The first big moment came when I pulled the yoke back slightly as our airspeed approached 60 knots on the takeoff roll. The 172 gently lifted off from the runway. Though this was the first time I’d flown the Cessna 172, I could totally feel that this is was an easy-flying airplane. It’s very stable. When I needed to keep the 172 flying at a specific cruising altitude and on a specific heading, I didn’t need to apply much pressure on the yoke.

I actually got a pretty good feel for controlling the airplane during maneuvers. Based on my flight performance, my instructor Langston agreed to let me perform a visual approach and landing at the end of the flight. 

I was told to fly part of the traffic pattern visually. The first step was to visually line up with Interstate 405, which is parallel to the landing runway. After I did so, I was told to start turning and lining up with the runway. 

During these final turns, I identified a weakness of this high-wing airplane: the wing creates a big blind spot and blocks the pilot’s visual contact with the runway. 

Another inconvenience is the flap handle. It is too small and was too far away to reach when I was busy watching airspeed, altitude and trying to line up with the runway. 

This airplane can fly very slowly during final approach. It was easy to keep on the landing glidepath. 

After the flight, I also got the chance to interview the flight instructor about the airplane and get his insights about flight training.

Old versus new

My primary research objectives were to both understand the current airplane and to identify the design changes of the past few decades. These observations are important for analysis of the rationale behind the design changes. Therefore, the second phase of my primary research was to find an older Cessna airplane to look at, take a bunch of photos and compare them with the modern Cessna 172 SP which I’d just flown.

It took a while for me to find a 1960s-era 172. I found one at the Planes of Fame Air Museum in Chino, California. Their 58-year-old Cessna is still in good shape and serves as a commuter to bring museum staff back and forth between airshow locations and the museum. I identified several key design issues with the older aircraft. 

Keeping these items in mind, my next step was to talk to an owner to make sure everything I’d observed and noted was accurate and useful for generating a new design concept.

Interview with an owner

I was introduced to Sal Staiano through Cessna Flyer magazine. Sal is an experienced private pilot who owns a 1958 Cessna. He has hundreds of hours of flight time in Cessna airplanes and also has his multi-engine rating. 

Sal and I talked for about two hours. I received several insights that were valuable for designing a new Cessna 172 cockpit.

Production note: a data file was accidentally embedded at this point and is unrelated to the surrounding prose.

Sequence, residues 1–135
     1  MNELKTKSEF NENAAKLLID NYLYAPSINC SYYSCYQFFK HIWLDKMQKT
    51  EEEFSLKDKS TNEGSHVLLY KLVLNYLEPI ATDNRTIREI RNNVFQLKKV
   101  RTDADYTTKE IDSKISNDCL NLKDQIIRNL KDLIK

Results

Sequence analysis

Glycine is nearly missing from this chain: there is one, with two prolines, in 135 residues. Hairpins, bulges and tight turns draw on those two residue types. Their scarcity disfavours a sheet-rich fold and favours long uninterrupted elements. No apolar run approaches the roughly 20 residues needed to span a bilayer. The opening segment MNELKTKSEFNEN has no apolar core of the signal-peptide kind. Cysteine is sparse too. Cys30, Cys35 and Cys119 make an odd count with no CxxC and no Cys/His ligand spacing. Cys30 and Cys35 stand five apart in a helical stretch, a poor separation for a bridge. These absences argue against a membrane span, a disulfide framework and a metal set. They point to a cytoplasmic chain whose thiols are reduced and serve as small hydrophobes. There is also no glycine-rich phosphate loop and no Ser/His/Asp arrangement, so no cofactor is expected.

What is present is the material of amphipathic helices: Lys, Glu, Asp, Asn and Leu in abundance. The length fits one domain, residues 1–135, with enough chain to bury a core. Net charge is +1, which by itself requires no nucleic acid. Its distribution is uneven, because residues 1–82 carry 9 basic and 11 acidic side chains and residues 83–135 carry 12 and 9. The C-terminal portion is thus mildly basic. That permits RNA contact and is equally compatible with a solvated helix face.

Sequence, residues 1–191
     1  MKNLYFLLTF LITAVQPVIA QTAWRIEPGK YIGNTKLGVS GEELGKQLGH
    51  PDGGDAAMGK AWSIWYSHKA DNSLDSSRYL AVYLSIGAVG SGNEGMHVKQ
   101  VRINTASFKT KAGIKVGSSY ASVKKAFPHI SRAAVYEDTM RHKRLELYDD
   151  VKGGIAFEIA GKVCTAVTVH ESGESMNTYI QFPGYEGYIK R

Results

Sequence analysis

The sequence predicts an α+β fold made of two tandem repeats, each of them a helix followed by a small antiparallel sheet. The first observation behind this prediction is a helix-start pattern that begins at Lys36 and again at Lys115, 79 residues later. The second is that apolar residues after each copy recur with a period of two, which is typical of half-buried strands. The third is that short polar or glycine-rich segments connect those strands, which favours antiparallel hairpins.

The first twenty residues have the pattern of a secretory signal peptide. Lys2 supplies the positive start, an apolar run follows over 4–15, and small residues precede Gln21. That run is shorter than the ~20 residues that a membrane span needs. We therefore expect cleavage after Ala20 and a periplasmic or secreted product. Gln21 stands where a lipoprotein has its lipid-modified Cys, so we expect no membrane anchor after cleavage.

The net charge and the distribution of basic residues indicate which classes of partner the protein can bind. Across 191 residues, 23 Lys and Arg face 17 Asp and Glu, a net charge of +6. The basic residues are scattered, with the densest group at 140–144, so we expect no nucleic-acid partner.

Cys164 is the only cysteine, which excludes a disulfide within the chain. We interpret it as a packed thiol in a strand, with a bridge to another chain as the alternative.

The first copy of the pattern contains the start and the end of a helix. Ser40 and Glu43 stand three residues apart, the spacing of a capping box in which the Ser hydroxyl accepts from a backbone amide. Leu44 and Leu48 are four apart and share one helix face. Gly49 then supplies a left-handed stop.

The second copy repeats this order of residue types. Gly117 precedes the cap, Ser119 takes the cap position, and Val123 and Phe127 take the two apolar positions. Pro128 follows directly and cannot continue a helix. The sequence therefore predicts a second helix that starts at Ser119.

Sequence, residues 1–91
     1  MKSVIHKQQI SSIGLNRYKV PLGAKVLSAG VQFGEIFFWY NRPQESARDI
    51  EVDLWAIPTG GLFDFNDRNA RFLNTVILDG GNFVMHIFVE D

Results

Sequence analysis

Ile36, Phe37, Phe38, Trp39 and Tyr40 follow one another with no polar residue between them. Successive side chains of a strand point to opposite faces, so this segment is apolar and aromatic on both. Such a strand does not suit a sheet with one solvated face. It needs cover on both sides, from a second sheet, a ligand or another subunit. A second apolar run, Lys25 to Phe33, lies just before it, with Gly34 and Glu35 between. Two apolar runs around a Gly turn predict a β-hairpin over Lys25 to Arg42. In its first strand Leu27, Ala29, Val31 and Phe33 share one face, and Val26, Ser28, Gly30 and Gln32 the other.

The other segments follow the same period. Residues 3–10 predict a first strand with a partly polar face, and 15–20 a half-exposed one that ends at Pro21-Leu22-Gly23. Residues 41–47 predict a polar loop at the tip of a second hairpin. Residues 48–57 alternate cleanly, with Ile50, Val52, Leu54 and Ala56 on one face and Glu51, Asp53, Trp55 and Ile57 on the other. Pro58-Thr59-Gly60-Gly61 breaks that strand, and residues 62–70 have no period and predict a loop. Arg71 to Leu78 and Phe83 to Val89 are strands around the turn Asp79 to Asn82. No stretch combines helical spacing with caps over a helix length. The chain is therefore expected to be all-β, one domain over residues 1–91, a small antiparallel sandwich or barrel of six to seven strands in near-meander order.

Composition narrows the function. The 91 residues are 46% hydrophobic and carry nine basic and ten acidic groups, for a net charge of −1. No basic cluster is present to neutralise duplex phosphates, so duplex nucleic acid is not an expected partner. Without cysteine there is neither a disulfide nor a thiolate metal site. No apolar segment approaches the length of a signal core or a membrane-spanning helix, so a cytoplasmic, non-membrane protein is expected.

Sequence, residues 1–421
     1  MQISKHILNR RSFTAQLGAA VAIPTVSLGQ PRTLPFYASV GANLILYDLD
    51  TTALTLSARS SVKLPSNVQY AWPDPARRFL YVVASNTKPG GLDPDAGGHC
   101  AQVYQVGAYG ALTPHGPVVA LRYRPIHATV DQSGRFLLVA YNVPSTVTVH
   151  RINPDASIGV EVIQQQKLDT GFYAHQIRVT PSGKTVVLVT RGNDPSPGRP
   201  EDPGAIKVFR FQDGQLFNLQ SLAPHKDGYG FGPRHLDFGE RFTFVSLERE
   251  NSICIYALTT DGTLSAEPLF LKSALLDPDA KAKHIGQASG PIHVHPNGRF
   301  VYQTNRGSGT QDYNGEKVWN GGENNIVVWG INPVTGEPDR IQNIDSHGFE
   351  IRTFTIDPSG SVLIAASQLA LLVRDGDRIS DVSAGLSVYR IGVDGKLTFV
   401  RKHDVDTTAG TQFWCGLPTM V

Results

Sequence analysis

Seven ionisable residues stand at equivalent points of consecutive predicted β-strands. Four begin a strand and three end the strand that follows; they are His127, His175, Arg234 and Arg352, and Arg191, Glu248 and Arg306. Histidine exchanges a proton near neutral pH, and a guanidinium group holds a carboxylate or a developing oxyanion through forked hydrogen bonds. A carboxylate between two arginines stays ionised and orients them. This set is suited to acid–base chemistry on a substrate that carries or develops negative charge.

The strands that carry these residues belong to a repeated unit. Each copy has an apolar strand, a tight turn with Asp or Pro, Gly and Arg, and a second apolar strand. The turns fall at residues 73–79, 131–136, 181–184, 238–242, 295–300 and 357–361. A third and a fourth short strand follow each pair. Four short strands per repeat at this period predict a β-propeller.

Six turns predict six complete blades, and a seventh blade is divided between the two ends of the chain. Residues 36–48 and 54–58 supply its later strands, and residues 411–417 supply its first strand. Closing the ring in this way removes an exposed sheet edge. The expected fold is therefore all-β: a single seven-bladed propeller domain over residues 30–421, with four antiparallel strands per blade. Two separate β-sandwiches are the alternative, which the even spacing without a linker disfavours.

We spoke about trends in cockpit design and Sal’s opinion is that the newer models of airplanes rely too much on digitalized instruments and automated function. Even though these automations are marketed to improve flight safety, Sal’s philosophy is that the most effective way to improve safety is for pilots to simply improve their flying skills. 

In my opinion, Sal makes some valuable points. With all these advanced functions, the airplane is definitely becoming easier and easier to fly, but technology can sometimes get in the way of just flying the airplane.

Assuming one of Cessna’s goals with the current 172 is to make the ultimate training aircraft for student pilots, the cockpit design for these airplanes should not be overly advanced and/or complicated. It should focus on giving pilots the chance to practice their skills in an effective way without too much distracting technology. In other words, the 172 should be an airplane that helps the pilot become a better pilot. Simplification may also help make the airplane more affordable as well. 

Speaking of technology, it’s important to consider the place of digital flight instruments and iPad navigation in a modern cockpit. Nowadays, many pilots use an iPad for flight planning and in-flight position reference. An iPad is unable to legally serve as a primary navigation source because it is not certified by the FAA. 

One of the biggest challenges with permanently-installed digital avionics is keeping the databases updated. The updates can be difficult to achieve, with sometimes many complicated steps, and it costs money, too. Pilots who are already flying with portable avionic devices know the pleasure of being able to quickly download an entire region’s worth of charts with just a simple tap. In the future, bringing an FAA-certified portable into the cockpit is a possible way to improve precision.